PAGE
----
Written by Thurein 

May 18, 2020, was the day the Covid-19 pandemic arrived in Arakan State. A returnee from Thandwe, Arakan State, was found to be diagnosed with the virus. 

The first wave of the virus began to spread to other townships in Arakan State in the days and weeks that followed. 

At that time, other states and regions in Myanmar were also facing the first wave of Covid-19 and Bangladesh, which borders Arakan State, was also suffering from the pandemic. 

But people in Arakan State, for the most part, did not seem worried about the risks of Covid-19 and were largely leading normal lives. Was Arakan State lucky in that first wave or was it because the people ignored Covid-19 carelessly? No one was killed during the first wave of Covid-19 in Arakan State, and the virus gradually disappeared. 

But about two months later, Covid-19 returned to Arakan State. 

A 26-year-old bank employee in Sittwe was found to be infected with the virus, according to a statement by the Ministry of Health and Sports on August 16 of last year.

Three people tested positive for coronavirus after a contact-tracing process for those who had come in contact with the bank employee was conducted. The second wave of Covid-19 had begun in Arakan State. 

There was an increase in the number of cases and this time there were deaths from Covid-19 in Arakan State, but the Arakanese people still exhibited poor compliance with virus preventive measures and most of them lived carelessly. 

Arakan State recorded more than 4,200 Covid-19 infections and 37 related deaths in the first and second waves of the virus, according to figures compiled by the Ministry of Health and Sports. 

The first and second waves of Covid-19 in Arakan State were not prolonged, but the third wave was not far behind, characterised by the more contagious Delta variant.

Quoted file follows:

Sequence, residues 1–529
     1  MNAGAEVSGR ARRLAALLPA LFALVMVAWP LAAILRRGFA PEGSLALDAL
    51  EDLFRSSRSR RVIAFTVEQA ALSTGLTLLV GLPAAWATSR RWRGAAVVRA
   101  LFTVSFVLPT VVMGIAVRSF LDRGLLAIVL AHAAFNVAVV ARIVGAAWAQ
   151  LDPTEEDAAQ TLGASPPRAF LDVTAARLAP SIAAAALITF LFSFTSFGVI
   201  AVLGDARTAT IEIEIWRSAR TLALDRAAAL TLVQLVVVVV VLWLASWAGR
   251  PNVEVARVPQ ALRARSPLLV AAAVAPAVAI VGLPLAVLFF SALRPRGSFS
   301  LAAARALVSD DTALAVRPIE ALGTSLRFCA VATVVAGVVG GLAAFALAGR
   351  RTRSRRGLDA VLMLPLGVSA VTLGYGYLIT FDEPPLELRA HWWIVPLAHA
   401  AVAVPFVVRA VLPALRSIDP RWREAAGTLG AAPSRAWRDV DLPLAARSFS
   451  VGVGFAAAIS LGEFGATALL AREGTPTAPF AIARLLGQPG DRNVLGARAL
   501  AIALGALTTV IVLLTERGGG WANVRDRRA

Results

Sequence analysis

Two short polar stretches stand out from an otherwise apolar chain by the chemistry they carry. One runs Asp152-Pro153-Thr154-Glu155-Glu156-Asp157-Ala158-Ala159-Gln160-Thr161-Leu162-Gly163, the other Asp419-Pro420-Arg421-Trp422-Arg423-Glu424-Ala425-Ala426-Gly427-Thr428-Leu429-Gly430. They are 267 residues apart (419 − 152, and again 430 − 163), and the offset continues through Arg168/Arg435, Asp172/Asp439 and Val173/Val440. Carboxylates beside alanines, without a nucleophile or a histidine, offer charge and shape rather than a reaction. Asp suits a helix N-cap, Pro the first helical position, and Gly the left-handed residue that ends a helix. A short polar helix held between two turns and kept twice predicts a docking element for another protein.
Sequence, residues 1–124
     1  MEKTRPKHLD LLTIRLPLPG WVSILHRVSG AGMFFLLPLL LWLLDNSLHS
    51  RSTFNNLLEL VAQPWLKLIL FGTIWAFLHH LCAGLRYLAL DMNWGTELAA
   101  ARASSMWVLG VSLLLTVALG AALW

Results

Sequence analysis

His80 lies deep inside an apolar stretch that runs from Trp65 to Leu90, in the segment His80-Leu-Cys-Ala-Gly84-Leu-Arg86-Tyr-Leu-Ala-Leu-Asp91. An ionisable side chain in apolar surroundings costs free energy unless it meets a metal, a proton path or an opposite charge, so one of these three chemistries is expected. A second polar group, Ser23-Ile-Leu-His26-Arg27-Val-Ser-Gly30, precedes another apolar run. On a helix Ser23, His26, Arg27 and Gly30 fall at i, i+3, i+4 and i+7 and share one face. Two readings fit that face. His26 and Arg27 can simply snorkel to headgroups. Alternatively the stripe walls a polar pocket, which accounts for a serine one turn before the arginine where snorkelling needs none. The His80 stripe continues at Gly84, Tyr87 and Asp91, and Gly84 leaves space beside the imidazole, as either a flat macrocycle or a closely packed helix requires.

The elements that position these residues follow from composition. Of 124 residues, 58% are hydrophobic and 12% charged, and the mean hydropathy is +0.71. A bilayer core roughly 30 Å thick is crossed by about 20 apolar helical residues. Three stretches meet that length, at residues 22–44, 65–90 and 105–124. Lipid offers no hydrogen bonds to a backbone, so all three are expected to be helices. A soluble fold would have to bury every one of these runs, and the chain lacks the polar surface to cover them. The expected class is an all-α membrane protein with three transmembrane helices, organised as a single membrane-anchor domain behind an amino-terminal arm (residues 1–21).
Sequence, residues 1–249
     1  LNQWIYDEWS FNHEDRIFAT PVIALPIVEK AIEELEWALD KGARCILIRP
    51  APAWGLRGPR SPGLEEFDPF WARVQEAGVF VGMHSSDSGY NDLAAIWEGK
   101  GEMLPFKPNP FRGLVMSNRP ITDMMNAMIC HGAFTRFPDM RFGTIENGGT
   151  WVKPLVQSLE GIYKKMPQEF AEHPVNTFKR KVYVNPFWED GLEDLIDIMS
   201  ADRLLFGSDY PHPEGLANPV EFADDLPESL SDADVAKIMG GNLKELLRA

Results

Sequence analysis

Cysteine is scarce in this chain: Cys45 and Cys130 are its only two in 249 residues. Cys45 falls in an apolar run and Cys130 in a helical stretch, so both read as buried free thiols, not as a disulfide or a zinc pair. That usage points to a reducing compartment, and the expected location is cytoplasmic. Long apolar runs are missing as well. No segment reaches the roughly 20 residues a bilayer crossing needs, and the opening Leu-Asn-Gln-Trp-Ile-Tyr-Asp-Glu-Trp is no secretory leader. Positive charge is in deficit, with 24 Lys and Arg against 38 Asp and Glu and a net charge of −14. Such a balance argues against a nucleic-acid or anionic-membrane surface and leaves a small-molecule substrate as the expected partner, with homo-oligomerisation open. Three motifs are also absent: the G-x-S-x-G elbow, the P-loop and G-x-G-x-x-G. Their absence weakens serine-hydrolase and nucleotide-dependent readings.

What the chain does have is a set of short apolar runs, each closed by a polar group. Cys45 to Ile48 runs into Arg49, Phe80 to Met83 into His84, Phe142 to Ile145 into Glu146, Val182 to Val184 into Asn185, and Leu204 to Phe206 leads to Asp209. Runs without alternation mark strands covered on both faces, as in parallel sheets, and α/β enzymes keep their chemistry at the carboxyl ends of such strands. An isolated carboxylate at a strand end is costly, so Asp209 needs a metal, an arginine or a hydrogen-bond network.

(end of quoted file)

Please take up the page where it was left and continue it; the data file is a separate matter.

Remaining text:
The latest outbreak has spread to all 17 townships in Arakan State, and lives are being lost to the virus on a daily basis. 

Virtually every facet of the economy, from the flow of goods and services, to farmers’ livelihoods, to the functioning of the banking system, has been negatively impacted by the pandemic’s ongoing third wave. As the flow of goods to and from Arakan State has slowed, commodity prices have risen, leaving average folk struggling to make ends meet. 

The United League of Arakan (ULA) has declared a stay-at-home period for Arakan State through August 18 at least, due to ongoing Covid-19 fatalities and infections. 

Daw Saw San Nyein Thu, chairperson of the Rakhine Women’s Initiative Organization (RWIO), pointed out that despite the rising death toll from Covid-19, compliance remains a problem. Maskless passersby and other signs of an unserious approach to virus mitigation among members of the public can be seen in many Arakan State cities and villages. 

“People are being warned to follow the virus-related regulations and pay more attention to self-protection, but compliance is still weak. In such a weak situation, virus infections spread more quickly,” Daw Saw San Nyein Thu said. 

If the public continues to disobey the Covid-19 rules and regulations, it will be impossible to control the pandemic, with potentially unimaginable future consequences.  

Floodwaters Wreak Havoc